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We’re Battling a Meeting Epidemic. Here’s a Plan to Fight It

Liberate your calendar with this meeting elimination decision guide.

By Luke Thomas

Jun 28, 2022

One of the greatest mistakes that people make when starting remote work is that they try to move the office online. Instead of adapting, and running effective meetings remotely, they just keep doing everything the same way.

According to Bloomberg, people on average were working 3 hours more per day in March 2020 than before the Pandemic. These numbers did not improve as we the pandemic wore on. American workers now log in to their company systems for 11 hours per day, leading many people to feel burnt out.

You shouldn’t have to spend an entire day on Zoom calls or require that people are on Slack, present at the same time every day. The beauty of remote work is the flexibility that it gives employees to work when and where they want.

The first place organizations should start evaluating is how they spend their time is their meetings.

You have to flip meetings on their head. Meetings are best for collaboration, relationship building, resolving blockers, and removing ambiguity. Not for basic information sharing.

Most meetings are the total opposite. Use this decision table to liberate your calendar and eliminate any meetings that could easily be summed up in an email or instant message.

Framework

The first place you should look is at your routine meetings. Ones that occur more than once a month. These have a tendency to expand over time and you would be surprised at how often an hour-long daily standup could be turned into 30 minutes.

For each meeting, answer the following questions:

Step one: Identify meetings devoted to information sharing

The first red flag for any routine meeting is that the first half is information sharing and the second half is the meaningful discussion about the actions that will be taken.

Does this meeting or interaction involve information sharing or an update?

  • True
  • False

If true, try summarizing the information in an email to be sent before the meeting. Everyone who reads it will be on the same page and can focus on getting to the meaningful aspects of the meeting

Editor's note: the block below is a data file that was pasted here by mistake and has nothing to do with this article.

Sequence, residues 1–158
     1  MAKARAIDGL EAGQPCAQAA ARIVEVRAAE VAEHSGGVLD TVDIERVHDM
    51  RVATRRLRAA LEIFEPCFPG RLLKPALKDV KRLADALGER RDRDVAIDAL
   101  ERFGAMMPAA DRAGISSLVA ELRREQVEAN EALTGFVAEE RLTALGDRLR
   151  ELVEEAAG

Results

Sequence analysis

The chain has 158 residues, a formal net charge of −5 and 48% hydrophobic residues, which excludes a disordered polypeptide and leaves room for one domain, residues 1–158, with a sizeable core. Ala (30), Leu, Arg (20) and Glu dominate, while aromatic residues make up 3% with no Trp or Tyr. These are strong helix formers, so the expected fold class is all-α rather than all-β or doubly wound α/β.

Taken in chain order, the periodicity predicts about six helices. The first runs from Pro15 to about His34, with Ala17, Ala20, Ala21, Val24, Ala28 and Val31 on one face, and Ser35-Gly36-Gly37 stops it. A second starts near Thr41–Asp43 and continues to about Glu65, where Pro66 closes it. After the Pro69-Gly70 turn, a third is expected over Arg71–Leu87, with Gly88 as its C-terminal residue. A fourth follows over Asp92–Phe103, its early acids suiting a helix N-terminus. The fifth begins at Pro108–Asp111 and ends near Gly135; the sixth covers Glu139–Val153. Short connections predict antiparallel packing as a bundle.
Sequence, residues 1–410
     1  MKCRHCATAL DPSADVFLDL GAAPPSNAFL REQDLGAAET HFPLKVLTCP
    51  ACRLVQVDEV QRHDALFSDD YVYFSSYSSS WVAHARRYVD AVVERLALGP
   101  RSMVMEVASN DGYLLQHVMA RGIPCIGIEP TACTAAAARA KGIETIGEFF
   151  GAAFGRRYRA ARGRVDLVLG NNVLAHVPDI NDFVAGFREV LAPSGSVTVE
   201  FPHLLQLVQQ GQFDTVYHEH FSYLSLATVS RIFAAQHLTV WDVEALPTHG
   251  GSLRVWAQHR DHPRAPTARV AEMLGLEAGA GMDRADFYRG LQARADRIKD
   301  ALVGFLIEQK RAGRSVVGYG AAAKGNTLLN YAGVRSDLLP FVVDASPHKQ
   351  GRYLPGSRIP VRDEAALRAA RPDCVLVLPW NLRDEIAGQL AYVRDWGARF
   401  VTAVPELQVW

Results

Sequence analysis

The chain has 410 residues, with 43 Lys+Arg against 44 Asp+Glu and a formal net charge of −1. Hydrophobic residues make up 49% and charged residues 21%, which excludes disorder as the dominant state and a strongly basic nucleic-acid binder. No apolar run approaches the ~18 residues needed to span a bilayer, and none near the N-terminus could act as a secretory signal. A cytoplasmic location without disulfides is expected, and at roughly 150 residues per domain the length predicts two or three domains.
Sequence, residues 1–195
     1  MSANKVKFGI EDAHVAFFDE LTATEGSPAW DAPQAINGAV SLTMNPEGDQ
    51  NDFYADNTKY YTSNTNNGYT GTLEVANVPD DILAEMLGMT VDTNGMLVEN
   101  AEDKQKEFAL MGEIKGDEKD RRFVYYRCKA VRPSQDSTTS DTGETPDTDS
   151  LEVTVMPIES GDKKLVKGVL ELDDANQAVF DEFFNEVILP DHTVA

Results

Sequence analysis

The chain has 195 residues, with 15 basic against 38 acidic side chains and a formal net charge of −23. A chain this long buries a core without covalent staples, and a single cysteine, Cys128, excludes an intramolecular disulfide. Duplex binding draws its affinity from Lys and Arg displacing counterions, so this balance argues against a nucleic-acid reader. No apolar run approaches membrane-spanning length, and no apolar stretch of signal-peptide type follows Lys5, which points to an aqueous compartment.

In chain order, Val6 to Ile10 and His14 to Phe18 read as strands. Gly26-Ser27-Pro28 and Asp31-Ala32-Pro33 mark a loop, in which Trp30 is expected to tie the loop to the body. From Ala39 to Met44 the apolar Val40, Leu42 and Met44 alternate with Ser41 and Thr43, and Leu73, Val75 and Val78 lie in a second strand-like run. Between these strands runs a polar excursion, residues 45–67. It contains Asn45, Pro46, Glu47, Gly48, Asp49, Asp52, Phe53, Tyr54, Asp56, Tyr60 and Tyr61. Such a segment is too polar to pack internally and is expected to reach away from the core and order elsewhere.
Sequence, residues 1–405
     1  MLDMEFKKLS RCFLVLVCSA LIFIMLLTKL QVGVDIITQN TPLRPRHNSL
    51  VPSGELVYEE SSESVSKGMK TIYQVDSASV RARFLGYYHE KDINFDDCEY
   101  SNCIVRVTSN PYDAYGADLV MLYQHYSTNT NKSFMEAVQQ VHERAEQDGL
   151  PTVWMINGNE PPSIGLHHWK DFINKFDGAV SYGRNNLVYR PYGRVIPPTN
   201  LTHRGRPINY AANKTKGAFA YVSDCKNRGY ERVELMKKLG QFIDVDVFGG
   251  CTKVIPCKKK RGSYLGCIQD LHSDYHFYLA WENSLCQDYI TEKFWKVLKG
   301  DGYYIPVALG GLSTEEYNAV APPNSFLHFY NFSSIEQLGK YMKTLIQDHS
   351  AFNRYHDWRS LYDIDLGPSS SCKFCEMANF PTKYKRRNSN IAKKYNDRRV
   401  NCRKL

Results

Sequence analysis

Step two: Evaluate the purpose of the meeting

Does the meeting require collaboration?

  • True
  • False

Is the purpose of the meeting relationship building?

  • True
  • False

Is there a topic where the potential for misinterpretation is high?

  • True
  • False

Is there a decent amount of ambiguity?

  • True
  • False

Step 3: Liberate your calendar

  • If you answer mostly TRUE in step 2: have the meeting.
  • If you answer mostly FALSE in step 2: cancel the meeting and communicate asynchronously.

If you are sharing basic facts that can be processed and may be useful to look back on in the future where there is not a lot of ambiguity, then that can be a status update or an email.

What usually happens once you get into this practice is that you blend both of these worlds.

You still might have a Monday-morning kickoff meeting with your team, but you have built a bedrock of information so that you walk in the meeting with your updates already in.

All the information is already right in front of you so that you don’t have to go around in a circle and report everything.

Implement meetings with true purpose

Example: The coffee shop co-working session.

At a recent team onsite in Nashville, the Friday team posted up at a local coffee shop to get some work done. A couple days in a row (for a few hours a day), we’d huddle around a table, shoot the breeze, and get work done.

Yes, we were technically still working, but it was totally okay to have personal chatter too. The point of the session was to hang out and then get work done. This “meeting” wasn’t optimized for deep work, it was optimized for hanging out…with some work mixed in.

After I returned home, I thought about how much I enjoyed that unstructured format. While I couldn’t do this every single day of the week (as it would be super unproductive and I wouldn’t have time to do deep work), it was awesome in smaller doses. I felt way more connected to the team.

This made me think: Could we replicate that when we are all apart?

It turns out we could.

We now have a meeting every other week where we dedicate an hour to just hanging out. Every two weeks, we all jump on a Zoom video call for an hour. The unstructured format aims to replicate the feeling of being huddled around a table at a coffee shop.

This “meeting” is about shooting the breeze first and then doing work is second.

Sure you are going to do a bit of work but the point is for teammates are able to connect on a more personal level and check out what others are working on.

Doing everything you would expect everyone to do at a coffee shop, but remotely.

The bottom line: Rethink why you are having the meeting in the first place and what you are trying to accomplish.

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